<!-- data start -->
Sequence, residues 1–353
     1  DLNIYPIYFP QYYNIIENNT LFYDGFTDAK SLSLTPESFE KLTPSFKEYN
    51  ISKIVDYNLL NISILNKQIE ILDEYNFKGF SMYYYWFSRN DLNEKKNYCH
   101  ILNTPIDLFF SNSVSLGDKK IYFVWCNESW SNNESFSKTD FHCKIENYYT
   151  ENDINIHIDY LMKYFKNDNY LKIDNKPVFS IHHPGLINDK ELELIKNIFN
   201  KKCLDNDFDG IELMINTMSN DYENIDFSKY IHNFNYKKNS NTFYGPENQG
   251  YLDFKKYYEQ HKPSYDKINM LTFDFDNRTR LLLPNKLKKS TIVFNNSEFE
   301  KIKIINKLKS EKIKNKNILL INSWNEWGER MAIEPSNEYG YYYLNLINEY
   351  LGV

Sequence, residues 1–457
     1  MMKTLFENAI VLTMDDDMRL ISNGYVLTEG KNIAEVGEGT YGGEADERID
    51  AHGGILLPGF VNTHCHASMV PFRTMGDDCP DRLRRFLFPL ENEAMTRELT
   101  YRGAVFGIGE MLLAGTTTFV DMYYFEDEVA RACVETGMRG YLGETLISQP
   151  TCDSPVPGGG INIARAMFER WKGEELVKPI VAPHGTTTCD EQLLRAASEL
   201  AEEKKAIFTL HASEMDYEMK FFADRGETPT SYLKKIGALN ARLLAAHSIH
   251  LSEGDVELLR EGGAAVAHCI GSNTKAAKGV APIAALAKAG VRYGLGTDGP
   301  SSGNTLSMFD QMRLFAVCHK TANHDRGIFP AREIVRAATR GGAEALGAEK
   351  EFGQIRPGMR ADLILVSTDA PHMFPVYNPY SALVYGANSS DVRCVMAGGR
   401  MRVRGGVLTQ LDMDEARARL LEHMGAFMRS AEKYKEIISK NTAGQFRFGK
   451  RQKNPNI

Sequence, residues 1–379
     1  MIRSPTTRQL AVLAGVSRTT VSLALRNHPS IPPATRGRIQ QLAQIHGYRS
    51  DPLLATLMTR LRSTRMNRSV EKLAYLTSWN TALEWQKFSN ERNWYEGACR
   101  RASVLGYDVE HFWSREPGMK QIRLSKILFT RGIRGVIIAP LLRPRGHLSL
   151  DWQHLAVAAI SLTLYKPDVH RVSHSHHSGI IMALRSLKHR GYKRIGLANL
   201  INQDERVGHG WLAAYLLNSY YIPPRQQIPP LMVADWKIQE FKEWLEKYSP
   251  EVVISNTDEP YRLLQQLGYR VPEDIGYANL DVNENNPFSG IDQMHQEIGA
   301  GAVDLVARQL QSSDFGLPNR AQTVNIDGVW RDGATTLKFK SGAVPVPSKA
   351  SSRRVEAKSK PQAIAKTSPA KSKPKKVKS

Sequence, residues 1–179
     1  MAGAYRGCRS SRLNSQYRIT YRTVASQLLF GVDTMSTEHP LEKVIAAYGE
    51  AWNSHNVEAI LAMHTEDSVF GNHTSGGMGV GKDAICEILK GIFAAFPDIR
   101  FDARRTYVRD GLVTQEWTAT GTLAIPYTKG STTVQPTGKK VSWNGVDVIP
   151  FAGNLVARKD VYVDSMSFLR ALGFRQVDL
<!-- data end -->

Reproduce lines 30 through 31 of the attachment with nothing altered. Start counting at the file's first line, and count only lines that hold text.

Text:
Sequence, residues 1–179
     1  MAGAYRGCRS SRLNSQYRIT YRTVASQLLF GVDTMSTEHP LEKVIAAYGE